Lesson 3 second year fourth quarter s
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Lesson 3 second year fourth quarter s

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Lesson 3 second year fourth quarter s Lesson 3 second year fourth quarter s Presentation Transcript

  • HARDWARE REQUIREMENTS FOR AUDIO Computer Components
  • PROCESSOR • Pentium 133 or a Power PC Mac – the minimum for acceptable performance for playing MP3s. • The higher the processor, the better the performance and quality of sound can be achieved.
  • MEMORY • The more RAM (Random Access Memory), the better. • But when the RAM is full, the computer uses the hard disk to handle the overflow.
  • HARD DISKS • The larger and faster the hard disk, the better. • It is needed for ripping, encoding and editing sound files.
  • CD DRIVES  CD-ROM  CD-R  CD-RW  Drive performance
  • CD – ROM (CD DRIVES) • Stands for Compact Disc-Read Only Memory • They can only read information not write.
  • CD-R (CD DRIVES)  Stands for Compact Disc-Recordable  It can record information but one can not erase or edit the information
  • CD-RW (CD DRIVES)  Stands for Compact Disc-ReWritable  It can write and later erase or rewrite the information.
  • DRIVE PERFORMANCE (CD DRIVES)  CD-ROM drives are usually labelled to as 12X, 16X or some other X value.  The X value refers to the data transfer rate relative to 150KB/sec 1x.
  • DVD DRIVES Also known as DigitalVideo Disc. It has several types, the single- layer DVD media with memory up to 4.7 GB on a storage disc while the dual-layer or double-layer DVD media can pack up to 8.5 on a single disc
  • DVD DRIVES (DRIVE PERFOMANCES)  Currently, the fastest write speed is 20X for recording on a single-layer DVD-R and DVD+R media.  Double-layer DVD+R and dual-layer DVD-R media write speeds are currently at 8X.
  • CONNECTORS  IDE  SCSI  Parallel  USB
  • IDE (CONNECTORS)  Stand for Integrated Drive Electronics  This means that the controller circuitry is on the drive rather than on a separate card  ATAPI (ATAttachment Packet Interface) is the protocol that is used to communicate with non-hard drive IDE devices like CD-ROMs
  • SCSI (CONNECTORS)  Stands for Small Computer Systems Interface  Gives faster connection throughout and reduces the load on the computer’s processor.  Plextor models will rip reliably maximum speed  Standard SCSI supports up to seven devices on the same channel.
  • PARALLEL (CONNECTORS) Some external drives can sometimes be based on SCSI but are usually limited to just one device. They use parallel interface so that there can be two or more connections but only one at a time.
  • USB (CONNECTORS) Stands for Universal Serial Bus General purpose interface designed to overcome the limitations of serial and parallel interfaces.
  • SOUND CARDS Most overlooked devices in computer audio. It handles analog to digital (A/D) and digital to analog (D/A) conversion, mixing, music synthesizing, sound effects, and amplification.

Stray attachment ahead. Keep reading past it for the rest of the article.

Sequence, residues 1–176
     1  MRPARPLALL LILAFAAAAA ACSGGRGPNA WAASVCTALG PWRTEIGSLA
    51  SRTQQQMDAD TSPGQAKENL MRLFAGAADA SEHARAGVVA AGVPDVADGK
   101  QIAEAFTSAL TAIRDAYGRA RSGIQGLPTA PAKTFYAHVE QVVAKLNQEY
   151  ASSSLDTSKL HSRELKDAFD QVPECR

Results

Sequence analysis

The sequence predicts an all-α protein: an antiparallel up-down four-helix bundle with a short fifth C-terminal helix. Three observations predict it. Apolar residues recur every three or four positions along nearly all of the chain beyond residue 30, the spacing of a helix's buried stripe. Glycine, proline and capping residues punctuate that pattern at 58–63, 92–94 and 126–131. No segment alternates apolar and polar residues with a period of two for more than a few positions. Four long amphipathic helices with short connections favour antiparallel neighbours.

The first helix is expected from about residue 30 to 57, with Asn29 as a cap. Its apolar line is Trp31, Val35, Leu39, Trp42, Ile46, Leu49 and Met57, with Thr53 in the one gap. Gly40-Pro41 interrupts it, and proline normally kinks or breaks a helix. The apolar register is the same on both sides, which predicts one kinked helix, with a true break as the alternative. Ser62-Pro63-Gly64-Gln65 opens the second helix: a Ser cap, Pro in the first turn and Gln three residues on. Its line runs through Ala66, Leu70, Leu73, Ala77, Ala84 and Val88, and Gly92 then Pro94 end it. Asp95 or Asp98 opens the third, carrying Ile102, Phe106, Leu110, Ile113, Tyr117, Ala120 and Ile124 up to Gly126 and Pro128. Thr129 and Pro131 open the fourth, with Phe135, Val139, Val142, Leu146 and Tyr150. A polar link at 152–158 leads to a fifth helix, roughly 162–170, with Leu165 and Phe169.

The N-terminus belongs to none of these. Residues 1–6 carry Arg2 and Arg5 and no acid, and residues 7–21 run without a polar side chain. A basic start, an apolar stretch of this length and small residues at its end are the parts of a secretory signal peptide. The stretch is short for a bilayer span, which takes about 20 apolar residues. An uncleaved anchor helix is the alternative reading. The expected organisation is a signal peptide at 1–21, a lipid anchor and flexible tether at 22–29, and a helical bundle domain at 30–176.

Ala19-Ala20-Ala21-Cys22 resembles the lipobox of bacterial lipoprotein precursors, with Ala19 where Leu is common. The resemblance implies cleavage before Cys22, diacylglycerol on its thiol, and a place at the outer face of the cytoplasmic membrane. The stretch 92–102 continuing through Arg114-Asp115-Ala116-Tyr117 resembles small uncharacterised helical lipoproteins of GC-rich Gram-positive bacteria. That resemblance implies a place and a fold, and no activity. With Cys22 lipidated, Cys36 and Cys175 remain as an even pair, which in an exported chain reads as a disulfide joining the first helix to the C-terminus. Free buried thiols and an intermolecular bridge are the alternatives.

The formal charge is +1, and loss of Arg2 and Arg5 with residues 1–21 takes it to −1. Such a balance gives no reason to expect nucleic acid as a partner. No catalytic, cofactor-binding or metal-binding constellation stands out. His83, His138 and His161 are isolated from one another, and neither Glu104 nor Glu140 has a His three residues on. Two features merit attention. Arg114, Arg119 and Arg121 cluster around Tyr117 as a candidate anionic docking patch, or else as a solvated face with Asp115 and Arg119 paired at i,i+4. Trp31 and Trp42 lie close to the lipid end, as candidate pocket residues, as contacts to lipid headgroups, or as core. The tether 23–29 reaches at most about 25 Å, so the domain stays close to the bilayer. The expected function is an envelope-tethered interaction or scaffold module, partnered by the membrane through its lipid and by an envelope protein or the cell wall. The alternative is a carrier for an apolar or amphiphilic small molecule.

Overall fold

• STORAGE DEVICES  Floppy Disks  CDs  DVDs  MP3 players  Thumb Drives
  • FLOPPY DISKS STORAGE DEVICES It is a data storage medium that is composed of a disk of thin, flexible (“floppy”) magnetic storage medium encased in a square or rectangular plastic shell. It can handle data up to 1.44MB
  • CDS STORAGE DEVICES Officially known as the Compact Disc DigitalAudio or CD-DA It remains the standard physical medium for the sale of commercial audio recordings to the present day.
  • DVDS STORAGE DEVICES  DVD-Audio (Commonly abbreviated as DVD-A) is a digital format for delivering very high-fidelity audio content on a DVD  An advantage of using a DVD-Audio disc is that users may optionally employ a copy protection mechanism called Content Protection for Pre-recorded Media (CPPM)  This prevents users from extracting audio to computers and portable media players.
  • MP3 PLAYERS STORAGE DEVICES Digital audio player, more commonly referred to as an MP3 player, is an electronic device that stores, organizes and plays audio files from 32GB up to 250GB.
  • THUMB DRIVES STORAGE DEVICES Known as portable data storage Characterized as small, handy and about the size of a human thumb
  • SPEAKERS AND HEADPHONES These are essential for listening to sound recordings
  • MICROPHONES The importance of selecting the right kind of microphone is often overlooked by ICT technicians.
  • TWOTYPES OF MICROPHONES  Dynamic Microphone (also known as a Karaoke microphone)  Works with most sound cards.  Condenser Microphone (also known as a powered microphone)  Only works with sound cards that can provide power to the microphone.
  • TWOTYPES OF MICROPHONES Dynamic Microphone Dynamic Microphones  Moving coil with magnet (like a speaker)  Requires no power  Generally more rugged than condenser microphones (except for ribbon mics)  Generally not as sensitive as condenser microphones  Generally not as flat as condenser microphones Condenser Microphone Condenser (Electret) Microphone  Moving diaphragm only (no coil to move)  Flatter than dynamic microphones  More sensitive than dynamic microphones  Requires power source  Traditional microphones require high-voltage power supplies (9 volts)  Modern electric microphones require only battery (or phantom)  Not as rugged as dynamic microphones